Oxford Instruments joins a £10 million consortium, to launch the first commercial quantum computer in UK
Oxford Instruments NanoScience announced today it will partner with a £10 million consortium to accelerate the commercialisation of quantum computing in the UK, led by Rigetti Computing. The three-year programme will build and operate the first quantum computer in the UK, make it available over the cloud, and pursue practical applications in machine learning, materials simulation, and finance. The consortium is joined by University of Edinburgh, quantum software start-up Phasecraft, and Standard Chartered.
Oxford Instruments is delighted to be part of such a strong consortium and play a key role in the development of a quantum computer by providing the latest state-of-the-art Proteox dilution refrigerator for this prestigious project. The company works closely with customers and partners to develop the next generation superconducting and cryogenic solutions for quantum and nanotechnology applications. For quantum technologies, Oxford Instruments offers a wide range of solutions, both for research and commercial exploitation – from the fabrication of qubits to measurement and characterisation, no matter what the customer’s qubit strategy might be.
“Our ambition is to be the world’s first quantum economy, which could provide UK businesses and industries with billions of pounds worth of opportunities,” said Science Minister Amanda Solloway. “Therefore, I am delighted that companies across the country will have access to our first commercial quantum computer, to be based in Abingdon. This is a key part of our plan to build back better using the latest technology, attract the brightest and best talent to the UK and encourage world-leading companies to invest here.”
Many industries central to the UK economy are poised to benefit from quantum computing, including finance, energy, and pharmaceuticals. A recent BCG report projected the global quantum industry to reach £4 billion by 2024.
Rigetti will build the superconducting quantum computer in a Proteox dilution refrigerator provided by Oxford Instruments. The University of Edinburgh will develop new ways of testing quantum hardware and verifying the performance of quantum programs, and will work with Standard Chartered Bank to advance quantum machine learning applications for finance. In addition, Phasecraft will use its deep knowledge of quantum algorithms and high-efficiency quantum software to harness this hardware for near-term applications in materials design, energy, and pharmaceuticals.
In addition to delivering a practical quantum computer in the UK, a key goal of the initiative is to further develop the country’s quantum computing talent, infrastructure, and national supply chain, and to advance the high-performance computing industry.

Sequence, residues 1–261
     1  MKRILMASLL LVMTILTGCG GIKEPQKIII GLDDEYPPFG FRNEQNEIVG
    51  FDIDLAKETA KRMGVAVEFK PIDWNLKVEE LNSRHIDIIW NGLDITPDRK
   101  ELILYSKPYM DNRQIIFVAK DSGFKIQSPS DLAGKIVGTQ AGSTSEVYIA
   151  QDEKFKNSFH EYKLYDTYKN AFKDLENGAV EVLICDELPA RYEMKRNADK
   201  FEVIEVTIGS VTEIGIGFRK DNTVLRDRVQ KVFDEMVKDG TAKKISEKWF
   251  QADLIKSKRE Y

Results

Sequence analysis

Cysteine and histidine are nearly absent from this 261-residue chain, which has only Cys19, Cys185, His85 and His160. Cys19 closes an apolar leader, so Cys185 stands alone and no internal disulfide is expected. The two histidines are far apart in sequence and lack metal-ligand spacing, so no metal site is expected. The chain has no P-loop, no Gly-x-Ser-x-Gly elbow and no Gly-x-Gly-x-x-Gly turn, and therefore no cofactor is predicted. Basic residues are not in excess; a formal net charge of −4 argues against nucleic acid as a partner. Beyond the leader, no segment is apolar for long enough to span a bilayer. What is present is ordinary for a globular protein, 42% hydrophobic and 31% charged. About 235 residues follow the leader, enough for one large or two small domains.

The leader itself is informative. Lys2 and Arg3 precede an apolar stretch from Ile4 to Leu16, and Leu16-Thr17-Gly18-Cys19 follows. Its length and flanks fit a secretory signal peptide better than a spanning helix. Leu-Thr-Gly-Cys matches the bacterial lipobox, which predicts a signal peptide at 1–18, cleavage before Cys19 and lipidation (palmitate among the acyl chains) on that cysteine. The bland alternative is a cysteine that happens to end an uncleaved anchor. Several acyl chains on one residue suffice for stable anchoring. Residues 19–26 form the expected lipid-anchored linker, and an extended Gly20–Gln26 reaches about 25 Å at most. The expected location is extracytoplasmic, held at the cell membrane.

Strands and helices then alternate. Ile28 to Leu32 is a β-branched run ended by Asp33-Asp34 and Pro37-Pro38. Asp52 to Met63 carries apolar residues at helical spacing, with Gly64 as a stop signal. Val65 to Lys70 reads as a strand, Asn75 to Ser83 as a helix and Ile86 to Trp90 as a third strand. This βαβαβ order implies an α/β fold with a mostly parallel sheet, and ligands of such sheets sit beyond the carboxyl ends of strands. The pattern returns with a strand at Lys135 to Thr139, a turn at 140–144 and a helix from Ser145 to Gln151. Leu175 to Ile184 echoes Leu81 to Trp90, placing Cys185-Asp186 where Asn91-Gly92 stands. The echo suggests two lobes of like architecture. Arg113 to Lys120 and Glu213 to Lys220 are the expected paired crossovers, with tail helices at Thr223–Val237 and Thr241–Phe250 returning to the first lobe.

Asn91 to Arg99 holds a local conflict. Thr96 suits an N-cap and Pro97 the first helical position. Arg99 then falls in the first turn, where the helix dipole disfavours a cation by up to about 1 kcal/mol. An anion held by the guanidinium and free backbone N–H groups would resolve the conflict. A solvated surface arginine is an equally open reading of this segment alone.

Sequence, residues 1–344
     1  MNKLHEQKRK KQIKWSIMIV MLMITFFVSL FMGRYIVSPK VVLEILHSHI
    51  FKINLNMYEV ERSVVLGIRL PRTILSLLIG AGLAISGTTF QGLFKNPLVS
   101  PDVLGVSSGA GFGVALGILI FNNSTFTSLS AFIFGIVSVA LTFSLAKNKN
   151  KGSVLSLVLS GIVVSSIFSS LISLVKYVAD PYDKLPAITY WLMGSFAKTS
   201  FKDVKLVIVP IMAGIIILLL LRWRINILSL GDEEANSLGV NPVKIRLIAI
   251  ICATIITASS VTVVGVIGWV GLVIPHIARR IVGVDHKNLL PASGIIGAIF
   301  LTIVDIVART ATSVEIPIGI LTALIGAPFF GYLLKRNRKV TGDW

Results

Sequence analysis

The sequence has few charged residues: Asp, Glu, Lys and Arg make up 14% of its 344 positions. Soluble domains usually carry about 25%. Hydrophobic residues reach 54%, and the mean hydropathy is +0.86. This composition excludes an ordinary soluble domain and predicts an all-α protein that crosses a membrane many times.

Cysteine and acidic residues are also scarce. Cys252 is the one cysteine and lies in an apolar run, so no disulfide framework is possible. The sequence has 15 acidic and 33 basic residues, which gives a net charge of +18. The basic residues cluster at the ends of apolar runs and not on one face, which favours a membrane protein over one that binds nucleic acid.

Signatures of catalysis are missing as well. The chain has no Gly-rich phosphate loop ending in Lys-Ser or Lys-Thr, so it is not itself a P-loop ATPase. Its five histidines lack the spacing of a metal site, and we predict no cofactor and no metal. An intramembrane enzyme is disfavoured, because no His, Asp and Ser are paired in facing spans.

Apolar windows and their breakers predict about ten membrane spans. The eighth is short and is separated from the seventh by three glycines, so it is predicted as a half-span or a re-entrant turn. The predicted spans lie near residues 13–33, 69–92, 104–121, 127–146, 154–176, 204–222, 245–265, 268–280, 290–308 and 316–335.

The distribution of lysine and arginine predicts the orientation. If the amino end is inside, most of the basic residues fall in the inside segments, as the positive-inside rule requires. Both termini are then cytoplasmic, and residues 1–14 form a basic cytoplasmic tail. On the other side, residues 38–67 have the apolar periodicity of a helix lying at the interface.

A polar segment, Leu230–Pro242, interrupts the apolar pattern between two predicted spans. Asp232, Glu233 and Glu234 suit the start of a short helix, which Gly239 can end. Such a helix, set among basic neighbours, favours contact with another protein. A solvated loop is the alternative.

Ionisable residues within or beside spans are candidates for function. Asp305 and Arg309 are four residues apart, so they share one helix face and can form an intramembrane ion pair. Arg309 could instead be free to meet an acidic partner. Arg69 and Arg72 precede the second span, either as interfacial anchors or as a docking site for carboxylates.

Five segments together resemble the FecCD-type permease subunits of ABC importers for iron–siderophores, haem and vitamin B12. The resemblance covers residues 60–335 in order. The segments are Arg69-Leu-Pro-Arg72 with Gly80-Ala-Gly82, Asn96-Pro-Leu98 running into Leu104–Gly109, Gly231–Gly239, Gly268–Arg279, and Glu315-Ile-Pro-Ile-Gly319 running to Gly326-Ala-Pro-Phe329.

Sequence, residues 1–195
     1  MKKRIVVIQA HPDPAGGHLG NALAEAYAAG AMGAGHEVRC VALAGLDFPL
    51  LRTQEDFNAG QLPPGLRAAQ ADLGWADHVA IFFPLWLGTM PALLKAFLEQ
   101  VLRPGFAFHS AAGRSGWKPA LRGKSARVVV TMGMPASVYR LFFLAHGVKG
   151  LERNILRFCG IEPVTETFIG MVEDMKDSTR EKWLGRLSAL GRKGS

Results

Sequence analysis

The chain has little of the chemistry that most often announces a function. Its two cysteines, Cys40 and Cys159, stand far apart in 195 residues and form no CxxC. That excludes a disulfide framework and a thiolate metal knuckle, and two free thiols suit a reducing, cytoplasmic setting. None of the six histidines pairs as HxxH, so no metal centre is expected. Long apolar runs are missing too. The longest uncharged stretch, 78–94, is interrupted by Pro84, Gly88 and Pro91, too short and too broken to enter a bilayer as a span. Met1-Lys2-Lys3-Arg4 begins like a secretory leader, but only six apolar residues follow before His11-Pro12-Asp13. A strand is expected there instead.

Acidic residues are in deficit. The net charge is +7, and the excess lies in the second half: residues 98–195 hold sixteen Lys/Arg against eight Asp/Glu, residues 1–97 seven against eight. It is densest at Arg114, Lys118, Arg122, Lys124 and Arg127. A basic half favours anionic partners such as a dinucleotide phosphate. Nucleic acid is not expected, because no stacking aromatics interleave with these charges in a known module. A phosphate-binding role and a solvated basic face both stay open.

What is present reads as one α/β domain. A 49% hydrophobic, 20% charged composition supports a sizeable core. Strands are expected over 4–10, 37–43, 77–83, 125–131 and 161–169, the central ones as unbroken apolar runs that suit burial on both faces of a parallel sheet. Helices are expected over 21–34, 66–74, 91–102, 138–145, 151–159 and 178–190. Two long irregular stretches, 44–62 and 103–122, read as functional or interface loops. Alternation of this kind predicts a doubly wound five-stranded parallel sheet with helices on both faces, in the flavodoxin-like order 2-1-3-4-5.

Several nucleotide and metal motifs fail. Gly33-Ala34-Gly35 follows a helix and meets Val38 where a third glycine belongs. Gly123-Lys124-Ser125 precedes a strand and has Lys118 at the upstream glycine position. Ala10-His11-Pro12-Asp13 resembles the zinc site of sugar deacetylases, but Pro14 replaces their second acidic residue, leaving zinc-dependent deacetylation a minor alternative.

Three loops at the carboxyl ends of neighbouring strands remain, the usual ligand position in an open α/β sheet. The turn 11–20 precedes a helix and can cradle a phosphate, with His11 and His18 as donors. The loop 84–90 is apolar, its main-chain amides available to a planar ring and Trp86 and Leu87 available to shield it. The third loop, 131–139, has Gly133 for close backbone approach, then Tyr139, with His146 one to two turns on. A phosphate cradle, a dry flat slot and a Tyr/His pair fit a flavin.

Oxford Instruments’ new Proteox dilution refrigerator will be used as the cryogenic platform. This next generation cryo-fridge offers enhanced wiring capacity, multi-experiment capability and improved system modularity. A secondary insert allows pre-testing of the quantum device before fitting it to the main fridge. These features will benefit the collaboration by increasing the number of signal lines and speed up future upgrades, allowing offline component assembly and characterisation. “As we are presently facing a second quantum revolution, quantum technologies are triggering a broad range of diverse applications to address significant global challenges. At this disruptive time in the quantum space, this is a great project to be part of and will help in developing innovative solutions to meet these challenges”, says Simon Holden, Managing Director Oxford Instruments NanoScience. “I am sure this collaboration will open a new future for many more innovative applications, and these applications will require an ecosystem where skills development, design & engineering excellence, and technology partners all combine to enable new discoveries and solutions”, Simon added.
“We are excited to deliver the UK’s first quantum computer and help accelerate the development of practical algorithms and applications,” said Chad Rigetti, CEO of Rigetti Computing. By providing access to quantum hardware, the collaboration aims to unlock new capabilities within the thriving UK ecosystem of quantum information science researchers, start-ups, and enterprises who have already begun to explore the potential impact of quantum computing.
The consortium is backed by £10 million government and industry investment, including funding from the government’s Quantum Technologies Challenge, led by UK Research & Innovation.